16 6.2.4 Training Training is an essential element of the development of Smart Cities. For public authorities, the development of a Smart City requires governance innovation leading to new processes and models, from financing tools down to a different way to manage the city. Training is essential to help public authorities manage the process and avoid costly mistakes when transforming their city. For the private sector, Smart Cities require new skills and new services. This involves a process of job creation, but also job conversion, that needs to be managed. Training programmes for the conversion of existing businesses and the reintegration of the unemployed are very important. Action 11: Expand training programmes for municipalities on planning, management, stakeholder engagement, financing models and monitoring for Smart Cities. Action 12: Promote training programmes for the private sector to adapt and prepare for the requirements of the new city. Action 13: Expand training for the unemployed to reintegrate them in the economy, with skills relevant for the Smart City Engaging Stakeholders Involving the relevant stakeholders (both public and private) from the start is a prerequisite for success. In most cases, key stakeholders such as municipalities or housing associations, to mention only a few, drive the entire process and to a large extent influence the success of the project. But successful projects need the support of all stakeholders. It is therefore crucial to maintain good cooperation between stakeholders. At the same time, the partnership management entity (be it a public authority, or a private specialised entity) that engages the various stakeholders must leave room for an initiator or a driver to naturally emerge from the group of stakeholders. This driver or initiator varies from project to project. The defining characteristics of a driver are not so much the stakeholder group it belongs to, but its individual/personal engagement in reaching a sustainable future for the community. Interesting experiences have been gained from a number of initiatives, such as CONCERTO and CIVITAS for example. Smart City projects gain from, and often require, active citizen involvement, and not only passive social acceptance. Some projects may attract significant opposition without the strong participation of city dwellers. There is a need for innovation in the framework for public consultation and participation. Action 14: Explore new forms of consultation and organisation promoting the early involvement of business and industry, service providers, banks and financiers in the project. Action 15: Develop ex ante and ex post evaluation mechanisms on stakeholder engagement. 15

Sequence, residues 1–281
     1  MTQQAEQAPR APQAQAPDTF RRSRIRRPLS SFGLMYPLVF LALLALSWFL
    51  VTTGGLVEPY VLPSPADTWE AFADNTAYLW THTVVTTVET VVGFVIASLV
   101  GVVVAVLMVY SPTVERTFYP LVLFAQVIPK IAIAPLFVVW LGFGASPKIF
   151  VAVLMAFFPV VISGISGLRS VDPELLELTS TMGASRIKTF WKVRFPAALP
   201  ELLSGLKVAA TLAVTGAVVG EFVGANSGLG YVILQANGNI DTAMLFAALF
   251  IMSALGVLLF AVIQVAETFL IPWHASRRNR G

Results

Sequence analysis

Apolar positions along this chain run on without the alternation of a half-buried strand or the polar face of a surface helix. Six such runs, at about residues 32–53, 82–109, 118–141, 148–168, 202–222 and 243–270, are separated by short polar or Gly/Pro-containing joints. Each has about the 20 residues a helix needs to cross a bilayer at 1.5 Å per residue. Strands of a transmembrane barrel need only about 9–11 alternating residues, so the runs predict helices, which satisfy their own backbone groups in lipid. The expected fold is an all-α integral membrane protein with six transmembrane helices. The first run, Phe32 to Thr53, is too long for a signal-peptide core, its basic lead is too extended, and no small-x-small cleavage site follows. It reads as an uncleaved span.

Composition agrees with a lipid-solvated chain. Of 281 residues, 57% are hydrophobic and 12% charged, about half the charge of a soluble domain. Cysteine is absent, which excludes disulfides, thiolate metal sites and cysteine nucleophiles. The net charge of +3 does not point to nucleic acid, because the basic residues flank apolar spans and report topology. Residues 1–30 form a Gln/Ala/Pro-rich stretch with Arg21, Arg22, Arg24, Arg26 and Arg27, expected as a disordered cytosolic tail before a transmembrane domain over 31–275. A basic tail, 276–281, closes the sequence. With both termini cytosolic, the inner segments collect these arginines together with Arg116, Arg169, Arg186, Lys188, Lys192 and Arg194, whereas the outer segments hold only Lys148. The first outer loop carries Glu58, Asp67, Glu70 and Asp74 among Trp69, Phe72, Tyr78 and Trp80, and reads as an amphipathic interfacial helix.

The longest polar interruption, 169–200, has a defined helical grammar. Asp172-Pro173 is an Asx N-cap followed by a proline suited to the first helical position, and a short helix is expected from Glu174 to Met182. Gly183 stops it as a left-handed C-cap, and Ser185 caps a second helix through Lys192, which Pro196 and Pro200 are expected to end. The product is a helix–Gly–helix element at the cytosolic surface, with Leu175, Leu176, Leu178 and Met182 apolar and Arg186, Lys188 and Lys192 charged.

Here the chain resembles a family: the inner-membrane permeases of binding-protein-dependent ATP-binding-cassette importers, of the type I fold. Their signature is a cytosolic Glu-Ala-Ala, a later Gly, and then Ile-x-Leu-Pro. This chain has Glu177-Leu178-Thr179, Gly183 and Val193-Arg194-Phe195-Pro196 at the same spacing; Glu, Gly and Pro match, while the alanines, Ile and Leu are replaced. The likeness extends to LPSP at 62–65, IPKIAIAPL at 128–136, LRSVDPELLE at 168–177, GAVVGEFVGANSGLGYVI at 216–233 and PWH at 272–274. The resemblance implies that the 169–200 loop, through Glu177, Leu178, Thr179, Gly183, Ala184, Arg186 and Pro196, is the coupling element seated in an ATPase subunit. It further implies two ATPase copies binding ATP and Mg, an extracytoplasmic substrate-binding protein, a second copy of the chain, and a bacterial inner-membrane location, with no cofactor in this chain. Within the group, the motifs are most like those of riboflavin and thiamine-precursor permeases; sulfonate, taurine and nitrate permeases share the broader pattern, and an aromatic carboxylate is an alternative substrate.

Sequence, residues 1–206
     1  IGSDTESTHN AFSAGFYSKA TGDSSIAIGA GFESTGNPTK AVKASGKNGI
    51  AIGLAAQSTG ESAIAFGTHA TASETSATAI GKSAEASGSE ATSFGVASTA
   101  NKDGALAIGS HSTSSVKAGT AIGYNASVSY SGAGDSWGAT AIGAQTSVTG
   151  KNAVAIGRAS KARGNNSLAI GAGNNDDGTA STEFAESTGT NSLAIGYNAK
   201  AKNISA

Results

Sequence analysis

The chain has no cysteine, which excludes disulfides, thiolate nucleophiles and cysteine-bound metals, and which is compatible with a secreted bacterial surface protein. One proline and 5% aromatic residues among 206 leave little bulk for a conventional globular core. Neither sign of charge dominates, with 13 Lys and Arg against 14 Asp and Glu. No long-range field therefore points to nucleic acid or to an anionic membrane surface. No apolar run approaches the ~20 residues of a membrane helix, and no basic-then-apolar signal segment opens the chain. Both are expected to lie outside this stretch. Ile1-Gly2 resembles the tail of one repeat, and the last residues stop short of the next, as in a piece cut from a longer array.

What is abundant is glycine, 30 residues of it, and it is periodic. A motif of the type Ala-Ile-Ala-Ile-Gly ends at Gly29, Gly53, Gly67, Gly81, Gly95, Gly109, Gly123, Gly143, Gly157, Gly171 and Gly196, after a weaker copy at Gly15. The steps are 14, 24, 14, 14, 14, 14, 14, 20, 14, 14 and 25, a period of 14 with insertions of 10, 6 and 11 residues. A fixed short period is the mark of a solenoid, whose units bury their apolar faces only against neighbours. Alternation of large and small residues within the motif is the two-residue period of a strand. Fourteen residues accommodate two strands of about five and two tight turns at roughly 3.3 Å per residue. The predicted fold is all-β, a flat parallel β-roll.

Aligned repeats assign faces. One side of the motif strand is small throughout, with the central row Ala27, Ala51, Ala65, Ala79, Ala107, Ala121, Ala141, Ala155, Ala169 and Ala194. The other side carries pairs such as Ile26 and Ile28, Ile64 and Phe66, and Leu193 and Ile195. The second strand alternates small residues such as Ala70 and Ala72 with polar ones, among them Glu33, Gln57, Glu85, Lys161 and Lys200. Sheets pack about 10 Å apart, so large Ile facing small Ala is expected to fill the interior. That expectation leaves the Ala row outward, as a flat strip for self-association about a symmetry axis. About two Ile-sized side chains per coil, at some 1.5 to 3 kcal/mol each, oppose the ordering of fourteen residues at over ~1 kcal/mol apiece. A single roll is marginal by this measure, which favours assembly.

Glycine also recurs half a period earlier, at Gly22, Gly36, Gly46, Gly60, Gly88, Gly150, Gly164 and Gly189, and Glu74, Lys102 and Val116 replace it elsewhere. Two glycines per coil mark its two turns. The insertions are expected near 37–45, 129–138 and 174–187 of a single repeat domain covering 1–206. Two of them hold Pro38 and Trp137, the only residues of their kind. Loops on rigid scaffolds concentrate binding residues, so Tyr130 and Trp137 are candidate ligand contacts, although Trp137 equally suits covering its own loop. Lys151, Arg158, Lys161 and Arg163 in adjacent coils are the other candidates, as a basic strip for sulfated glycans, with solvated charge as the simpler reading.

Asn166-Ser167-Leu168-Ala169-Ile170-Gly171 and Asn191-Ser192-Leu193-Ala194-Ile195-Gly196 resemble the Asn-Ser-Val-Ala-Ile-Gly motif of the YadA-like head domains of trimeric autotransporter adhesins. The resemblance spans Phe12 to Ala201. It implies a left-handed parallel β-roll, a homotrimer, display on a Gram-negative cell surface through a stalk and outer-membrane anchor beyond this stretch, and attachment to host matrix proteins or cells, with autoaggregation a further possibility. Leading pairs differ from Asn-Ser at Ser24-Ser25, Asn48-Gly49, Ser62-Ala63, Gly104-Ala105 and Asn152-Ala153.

17 ANNEX I. GUIDANCE DOCUMENTS BY THE STAKEHOLDER PLATFORM The Finance Group prepared four guidance documents aimed at assisting cities in planning, procuring and financing Smart City innovations. These are open for further development and stakeholders can provide further input. The documents are published on the website and can be downloaded 8 : Using EU Funding Mechanisms for Smart Cities Transforming European cities requires considerable investment. Unfortunately, the debt crisis has had adverse effects on many municipal budgets. Not only are investment requirements large, but cities have neither the means nor the credit rating to find cheap sources of funding. Decreasing tax revenues and austerity measures from the central government risk delaying the decarbonisation of cities, a core requirement for reducing EU greenhouse gas emissions. This will also negatively affect industries in the lowcarbon sector, as well as employment. Ultimately, it will adversely affect the economy, as energy, transport and ICT are core economic sectors. Given the strategic importance of cities, it is important to deploy all possible financial tools to make a low carbon transition possible and affordable. The objective of this guidance document is to provide information on the opportunities that EU funding instruments will provide for the period , and to assist regional authorities in preparing the programming documents. The Cohesion Policy, together with the EU s Competitiveness and Innovation Funds (Horizon 2020, COSME) allow the development of powerful integrated energy, transport and ICT investments. The EIB s financial instruments will be reinforced and will complement the EU budget funds and private investments. The impact, however, will depend on the quality of the programming documents. Without a strategic change in the objectives and planning of national and local authorities the impact of the EU funds will be insufficient. Once the programming period starts, amending weak programs will be difficult. The report will present the new instruments for the period in 2014, as well as guidance on how to integrate Smart City investment in the programming process, taking full advantage of the opportunities to combine regional funding with other sources. Financing Models for Smart Cities The objective of the document is to identify the barriers and potential solutions to financing Smart City innovative solutions, in particular in the areas of energy, transport and ICT initiatives related to reductions in greenhouse gas emissions. This document highlights the barriers to finance Smart City solutions, in particular in the areas of innovative technological solutions. One can summarise the financial challenges as follows: Perception of high risk when investing in innovative solutions and energy efficiency measures; Uncertain energy prices and policy uncertainty on fossil fuel prices; Large volumes of investment required; Long-term delays before reaching maturity/profitability; Limited capacity for public funding: high public deficits in municipalities and incapacity to raise funding from capital markets. To attract the necessary capital for investments, Smart City initiatives need to: Reduce the real and perceived risks of investment; 8 16